Hands on: In search of the perfect notebook PC
- By Patrick Marshall
- Jun 26, 2005
You know the story: The tortoise challenges the fleet-footed Achilles to a race and claims he will win if Achilles gives him a small head start. The tortoise then proves to Achilles that he must concede to losing the race because although he might cut the distance between himself and the tortoise by half very quickly, he could never quite catch up.
Zeno of Elea's paradox reflects how I feel about developments in laptop computer technologies. Vendors keep pushing them in an attempt to give us everything in a notebook PC. But it seems as if the more the distance is closed, the more irksome the remaining shortcomings become.
This came to mind most recently for me as I put the new IBM ThinkPad X41 through its paces. The X41 is a very slick ultralight notebook PC. In fact, of all the ultralights I've tested, it's the one I want to take on the road with me.
Less than an inch thick and measuring just slightly more than 8 by 10 inches, the X41 slips easily into a small briefcase. And even with the extended-life battery, the X41 barely tips the scales at slightly more than 3 pounds.
As light and trim as the X41 is, the device doesn't sacrifice much in the way of comfort and durability. The case is solid, and the keyboard sports full-size keys that offer great action. And there's even a little light built into the top of the display panel that shines on the keyboard so you don't have to hunt and peck in the dark.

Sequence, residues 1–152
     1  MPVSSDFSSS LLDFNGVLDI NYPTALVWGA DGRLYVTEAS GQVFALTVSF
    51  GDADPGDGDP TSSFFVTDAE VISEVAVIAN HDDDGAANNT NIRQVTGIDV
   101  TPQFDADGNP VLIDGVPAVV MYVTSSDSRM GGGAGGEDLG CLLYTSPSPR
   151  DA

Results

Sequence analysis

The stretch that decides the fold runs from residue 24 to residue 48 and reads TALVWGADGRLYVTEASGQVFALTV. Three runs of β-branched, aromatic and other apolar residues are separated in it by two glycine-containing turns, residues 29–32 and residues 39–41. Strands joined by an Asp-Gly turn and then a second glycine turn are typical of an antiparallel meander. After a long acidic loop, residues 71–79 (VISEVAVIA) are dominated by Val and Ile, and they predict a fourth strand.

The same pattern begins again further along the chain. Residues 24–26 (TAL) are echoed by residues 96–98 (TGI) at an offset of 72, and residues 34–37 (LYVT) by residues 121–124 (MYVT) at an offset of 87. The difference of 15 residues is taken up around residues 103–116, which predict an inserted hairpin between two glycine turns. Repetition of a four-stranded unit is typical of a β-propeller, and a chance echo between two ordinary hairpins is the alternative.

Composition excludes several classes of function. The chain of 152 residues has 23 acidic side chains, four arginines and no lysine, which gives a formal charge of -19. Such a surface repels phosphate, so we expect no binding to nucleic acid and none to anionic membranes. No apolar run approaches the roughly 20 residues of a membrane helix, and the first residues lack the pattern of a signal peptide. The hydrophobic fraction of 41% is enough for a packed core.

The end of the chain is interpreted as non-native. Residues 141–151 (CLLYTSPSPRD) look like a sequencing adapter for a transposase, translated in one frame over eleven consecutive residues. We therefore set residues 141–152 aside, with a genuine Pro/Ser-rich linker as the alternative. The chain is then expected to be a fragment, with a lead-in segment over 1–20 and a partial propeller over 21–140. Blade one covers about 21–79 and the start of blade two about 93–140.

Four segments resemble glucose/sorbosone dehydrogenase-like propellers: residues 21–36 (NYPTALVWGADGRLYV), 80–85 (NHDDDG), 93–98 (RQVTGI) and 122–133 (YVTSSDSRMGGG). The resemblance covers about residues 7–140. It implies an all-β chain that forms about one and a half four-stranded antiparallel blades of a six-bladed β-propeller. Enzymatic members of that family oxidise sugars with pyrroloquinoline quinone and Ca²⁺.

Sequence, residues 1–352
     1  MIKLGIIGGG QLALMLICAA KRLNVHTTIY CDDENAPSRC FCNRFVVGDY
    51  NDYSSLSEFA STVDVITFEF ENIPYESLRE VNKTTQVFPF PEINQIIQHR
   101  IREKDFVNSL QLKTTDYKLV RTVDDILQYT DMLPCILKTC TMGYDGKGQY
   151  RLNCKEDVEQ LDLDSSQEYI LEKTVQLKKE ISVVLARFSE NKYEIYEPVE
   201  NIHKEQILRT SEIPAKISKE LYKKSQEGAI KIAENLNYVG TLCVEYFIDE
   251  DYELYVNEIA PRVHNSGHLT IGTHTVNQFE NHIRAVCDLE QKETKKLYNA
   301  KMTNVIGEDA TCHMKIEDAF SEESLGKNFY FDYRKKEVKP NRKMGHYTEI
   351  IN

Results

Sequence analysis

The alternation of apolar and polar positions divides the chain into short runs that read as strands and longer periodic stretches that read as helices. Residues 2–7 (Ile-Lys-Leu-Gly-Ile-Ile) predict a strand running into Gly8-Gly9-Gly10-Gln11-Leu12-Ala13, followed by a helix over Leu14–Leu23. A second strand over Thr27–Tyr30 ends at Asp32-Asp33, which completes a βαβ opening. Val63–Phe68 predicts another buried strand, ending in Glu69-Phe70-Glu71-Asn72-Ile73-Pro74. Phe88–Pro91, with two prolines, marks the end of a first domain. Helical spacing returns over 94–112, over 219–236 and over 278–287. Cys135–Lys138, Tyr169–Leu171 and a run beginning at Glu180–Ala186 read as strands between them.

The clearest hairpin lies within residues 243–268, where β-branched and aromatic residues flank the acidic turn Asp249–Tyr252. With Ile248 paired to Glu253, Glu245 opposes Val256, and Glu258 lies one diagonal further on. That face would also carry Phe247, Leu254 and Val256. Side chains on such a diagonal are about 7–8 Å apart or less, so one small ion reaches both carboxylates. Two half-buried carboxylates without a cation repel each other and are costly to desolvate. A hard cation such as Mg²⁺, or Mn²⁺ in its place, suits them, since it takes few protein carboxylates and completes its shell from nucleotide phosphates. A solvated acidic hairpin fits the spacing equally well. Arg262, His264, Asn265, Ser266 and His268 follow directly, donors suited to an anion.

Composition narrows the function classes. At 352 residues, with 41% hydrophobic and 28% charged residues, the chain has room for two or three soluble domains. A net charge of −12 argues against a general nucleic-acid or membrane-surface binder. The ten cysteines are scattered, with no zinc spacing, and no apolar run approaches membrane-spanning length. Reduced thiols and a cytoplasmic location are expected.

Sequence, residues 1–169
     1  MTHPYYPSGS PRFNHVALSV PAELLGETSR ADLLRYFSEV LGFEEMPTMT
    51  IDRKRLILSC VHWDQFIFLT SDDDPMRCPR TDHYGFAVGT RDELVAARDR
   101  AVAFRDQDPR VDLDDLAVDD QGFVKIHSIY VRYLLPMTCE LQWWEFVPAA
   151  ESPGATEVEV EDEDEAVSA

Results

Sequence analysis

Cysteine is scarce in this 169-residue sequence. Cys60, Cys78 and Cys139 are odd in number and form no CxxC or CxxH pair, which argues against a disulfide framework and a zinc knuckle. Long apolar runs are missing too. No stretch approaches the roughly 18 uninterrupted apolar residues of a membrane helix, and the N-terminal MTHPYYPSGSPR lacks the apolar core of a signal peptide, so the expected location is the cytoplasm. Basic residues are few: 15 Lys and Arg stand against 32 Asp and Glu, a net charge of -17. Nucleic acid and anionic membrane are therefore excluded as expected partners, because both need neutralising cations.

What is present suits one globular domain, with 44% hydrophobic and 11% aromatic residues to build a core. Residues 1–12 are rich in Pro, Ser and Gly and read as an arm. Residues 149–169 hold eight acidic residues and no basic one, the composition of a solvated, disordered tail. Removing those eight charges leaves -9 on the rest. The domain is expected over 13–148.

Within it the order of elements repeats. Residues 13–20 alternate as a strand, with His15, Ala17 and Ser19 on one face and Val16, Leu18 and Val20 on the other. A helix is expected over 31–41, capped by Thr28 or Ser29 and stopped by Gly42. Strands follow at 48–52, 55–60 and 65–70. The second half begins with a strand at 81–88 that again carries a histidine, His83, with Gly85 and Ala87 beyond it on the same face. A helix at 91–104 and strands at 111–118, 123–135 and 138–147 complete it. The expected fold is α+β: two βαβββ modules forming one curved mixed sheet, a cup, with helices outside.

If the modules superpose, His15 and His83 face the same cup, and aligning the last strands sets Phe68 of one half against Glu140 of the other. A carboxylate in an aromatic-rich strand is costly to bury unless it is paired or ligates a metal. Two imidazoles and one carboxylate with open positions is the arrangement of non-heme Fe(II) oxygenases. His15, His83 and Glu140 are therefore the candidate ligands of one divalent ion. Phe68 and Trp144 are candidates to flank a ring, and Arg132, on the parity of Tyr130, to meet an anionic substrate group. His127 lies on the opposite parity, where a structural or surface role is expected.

The X41's low-voltage 1.5 GHz Pentium M processor delivers better-than-average performance. Although the unit requires a fan to keep cool, I found the X41 to be very quiet. The fan rarely kicks on under normal conditions and is barely noticeable when it does.
I'm also impressed with the measures IBM has taken to provide security for the X41. Not only does the notebook feature an internal security chip that encrypts data and controls access, the X41 offers a built-in fingerprint scanner. What's more, the scanner works reliably and quickly.
So what's missing? What keeps the X41 from being the best of all notebooks?
Here's my wish list for the perfect notebook. And I'll stick to the doable; I'm not asking for a 14-inch screen in a unit that weighs less than half a pound.
First, although battery life has improved in the past several years, it's still not good enough. The X41 ran a little more than five hours on a full charge, which is pretty good. But I won't be happy until I can work with a laptop for an entire day before putting it to bed to recharge overnight.
That goal may soon be within reach. Efforts on two fronts more efficient materials for batteries and techniques for conserving power may double effective battery life within a couple of years.
Also, I'm not partial to the ThinkPad's small joystick mouse. In my view, it's for emergency use only. Why not build in Bluetooth capability so one could use a wireless mouse without having to plug an adapter into a USB port?
Finally, the perfect notebook should cost less than $1,000. The X41 I tested comes in slightly higher $2,138 on the General Services Administration schedule. As even Zeno knew, you get what you pay for.
Patrick Marshall is a freelance technology writer for GCN.